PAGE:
Inspired by Wikileaks, a group of freelance journalists and computer scientists has developed a website known as Honest Appalachia. “We hope to allow whistle-blowers to anonymously and securely upload documents to our site, which we will then vet for authenticity,” says co-founder Jim Tobias.
It’s risky being a whistle-blower, according to Tobias. “So we felt that this resource would take that risk and replace it with a secure website that will enable whistle-blowers to more confidently blow the whistle on what they see as corruption.”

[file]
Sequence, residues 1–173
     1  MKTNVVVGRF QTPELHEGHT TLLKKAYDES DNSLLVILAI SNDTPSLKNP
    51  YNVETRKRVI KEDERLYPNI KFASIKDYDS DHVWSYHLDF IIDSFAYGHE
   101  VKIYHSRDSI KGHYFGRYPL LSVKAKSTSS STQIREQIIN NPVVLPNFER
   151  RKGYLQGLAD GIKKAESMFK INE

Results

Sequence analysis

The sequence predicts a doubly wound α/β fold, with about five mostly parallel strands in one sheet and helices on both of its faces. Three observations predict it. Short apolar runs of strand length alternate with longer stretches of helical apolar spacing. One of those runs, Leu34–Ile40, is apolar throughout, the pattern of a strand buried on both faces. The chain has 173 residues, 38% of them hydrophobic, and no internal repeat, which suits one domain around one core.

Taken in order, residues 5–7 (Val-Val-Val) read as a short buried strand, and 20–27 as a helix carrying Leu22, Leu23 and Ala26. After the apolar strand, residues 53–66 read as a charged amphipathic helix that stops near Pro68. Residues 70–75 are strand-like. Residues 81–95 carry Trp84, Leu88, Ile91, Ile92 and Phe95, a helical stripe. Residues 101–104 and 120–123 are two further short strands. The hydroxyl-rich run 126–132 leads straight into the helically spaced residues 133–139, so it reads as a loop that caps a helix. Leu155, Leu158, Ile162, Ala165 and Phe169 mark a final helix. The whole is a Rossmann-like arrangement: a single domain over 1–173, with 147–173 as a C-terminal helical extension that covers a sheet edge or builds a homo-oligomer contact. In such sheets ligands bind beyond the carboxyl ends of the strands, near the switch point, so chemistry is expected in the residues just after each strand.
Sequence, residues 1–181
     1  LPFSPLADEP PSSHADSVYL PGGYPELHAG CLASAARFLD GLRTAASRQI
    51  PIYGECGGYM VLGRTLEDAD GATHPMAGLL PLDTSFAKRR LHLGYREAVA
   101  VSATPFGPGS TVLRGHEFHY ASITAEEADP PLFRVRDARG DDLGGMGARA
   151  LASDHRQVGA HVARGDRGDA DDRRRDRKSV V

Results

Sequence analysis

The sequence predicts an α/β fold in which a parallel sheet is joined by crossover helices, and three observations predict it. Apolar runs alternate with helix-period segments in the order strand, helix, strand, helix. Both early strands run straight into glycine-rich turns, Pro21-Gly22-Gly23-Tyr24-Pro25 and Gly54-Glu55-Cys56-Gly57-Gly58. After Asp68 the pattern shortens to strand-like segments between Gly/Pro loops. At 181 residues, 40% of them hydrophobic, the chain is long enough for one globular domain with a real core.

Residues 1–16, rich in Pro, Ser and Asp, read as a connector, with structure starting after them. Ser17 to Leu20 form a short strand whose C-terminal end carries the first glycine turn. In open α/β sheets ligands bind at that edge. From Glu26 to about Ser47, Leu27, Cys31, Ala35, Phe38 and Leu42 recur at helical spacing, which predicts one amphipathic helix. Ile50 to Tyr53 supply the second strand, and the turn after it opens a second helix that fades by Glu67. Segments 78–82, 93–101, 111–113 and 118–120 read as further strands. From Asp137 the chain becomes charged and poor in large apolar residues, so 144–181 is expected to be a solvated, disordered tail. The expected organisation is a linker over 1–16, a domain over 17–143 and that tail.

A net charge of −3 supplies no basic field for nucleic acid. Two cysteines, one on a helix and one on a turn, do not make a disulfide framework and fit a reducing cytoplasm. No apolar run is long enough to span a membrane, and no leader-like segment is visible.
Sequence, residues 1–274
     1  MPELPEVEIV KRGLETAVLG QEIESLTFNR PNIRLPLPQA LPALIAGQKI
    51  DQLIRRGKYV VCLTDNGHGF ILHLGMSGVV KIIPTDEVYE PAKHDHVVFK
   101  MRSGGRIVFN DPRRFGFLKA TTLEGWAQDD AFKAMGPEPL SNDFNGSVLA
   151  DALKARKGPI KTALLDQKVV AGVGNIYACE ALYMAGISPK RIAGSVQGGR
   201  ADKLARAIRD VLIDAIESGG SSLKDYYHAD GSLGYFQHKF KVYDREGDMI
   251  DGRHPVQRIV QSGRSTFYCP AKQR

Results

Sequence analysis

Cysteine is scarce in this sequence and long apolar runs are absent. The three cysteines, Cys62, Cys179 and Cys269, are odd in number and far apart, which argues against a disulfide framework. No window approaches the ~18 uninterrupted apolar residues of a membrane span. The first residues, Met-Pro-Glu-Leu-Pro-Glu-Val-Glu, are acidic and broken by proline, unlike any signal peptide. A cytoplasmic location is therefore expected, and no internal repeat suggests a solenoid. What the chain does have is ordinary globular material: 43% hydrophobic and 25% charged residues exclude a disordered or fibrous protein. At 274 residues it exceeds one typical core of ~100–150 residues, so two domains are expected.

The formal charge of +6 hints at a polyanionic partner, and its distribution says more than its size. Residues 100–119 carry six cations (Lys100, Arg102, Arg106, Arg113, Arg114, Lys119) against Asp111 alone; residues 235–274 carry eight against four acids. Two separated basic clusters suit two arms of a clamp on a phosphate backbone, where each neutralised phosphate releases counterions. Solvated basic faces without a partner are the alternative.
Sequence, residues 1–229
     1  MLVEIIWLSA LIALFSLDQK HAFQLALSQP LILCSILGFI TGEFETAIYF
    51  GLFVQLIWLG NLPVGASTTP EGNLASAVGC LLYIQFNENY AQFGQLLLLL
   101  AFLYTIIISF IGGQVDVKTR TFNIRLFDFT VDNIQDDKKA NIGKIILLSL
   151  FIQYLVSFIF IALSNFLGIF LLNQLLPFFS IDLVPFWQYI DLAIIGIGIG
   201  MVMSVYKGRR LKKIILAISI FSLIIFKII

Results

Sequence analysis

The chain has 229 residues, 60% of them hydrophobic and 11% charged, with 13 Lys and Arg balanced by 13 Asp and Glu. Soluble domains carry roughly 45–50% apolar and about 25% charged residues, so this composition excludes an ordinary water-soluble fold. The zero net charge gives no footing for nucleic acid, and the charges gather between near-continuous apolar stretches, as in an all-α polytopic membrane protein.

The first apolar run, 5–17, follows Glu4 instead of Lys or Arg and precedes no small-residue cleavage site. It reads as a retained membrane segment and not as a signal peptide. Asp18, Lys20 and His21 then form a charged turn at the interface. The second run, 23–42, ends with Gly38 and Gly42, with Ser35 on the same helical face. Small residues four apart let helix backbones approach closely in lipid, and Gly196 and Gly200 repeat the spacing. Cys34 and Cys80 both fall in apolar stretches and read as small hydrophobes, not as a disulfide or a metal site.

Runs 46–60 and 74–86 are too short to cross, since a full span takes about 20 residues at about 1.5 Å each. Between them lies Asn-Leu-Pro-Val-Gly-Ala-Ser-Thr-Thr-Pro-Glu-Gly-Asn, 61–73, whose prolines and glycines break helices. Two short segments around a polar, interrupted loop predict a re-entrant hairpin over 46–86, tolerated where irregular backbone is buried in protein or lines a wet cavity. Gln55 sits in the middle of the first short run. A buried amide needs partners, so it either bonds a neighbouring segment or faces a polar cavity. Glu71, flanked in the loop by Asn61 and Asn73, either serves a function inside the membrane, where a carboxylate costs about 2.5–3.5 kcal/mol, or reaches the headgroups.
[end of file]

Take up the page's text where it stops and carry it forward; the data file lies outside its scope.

The launch of Honest Appalachia prompted discussion on the most recent edition of Ask the Governor. For his part, Governor Tom Corbett says he doesn’t trust anonymous sources. “You can say anything you want when you’re anonymous. If you say something, stand behind it.”
Tobias disagrees. He says anonymous whistle-blowing can be critically important to democracy. “Arguably the most important, crucial case of whistle-blowing in US history was done by an anonymous source, which was when Deep Throat leaked information to Bob Woodward and Carl Bernstein that enabled them to uncover the Watergate scandal.”
Per its name, Honest Appalachia covers a seven state region that includes Pennsylvania. Tobias says they’re already following a few leads, but are moving slowly because of their commitment to journalistic integrity. “We really don’t want to put anything out there that isn’t true.”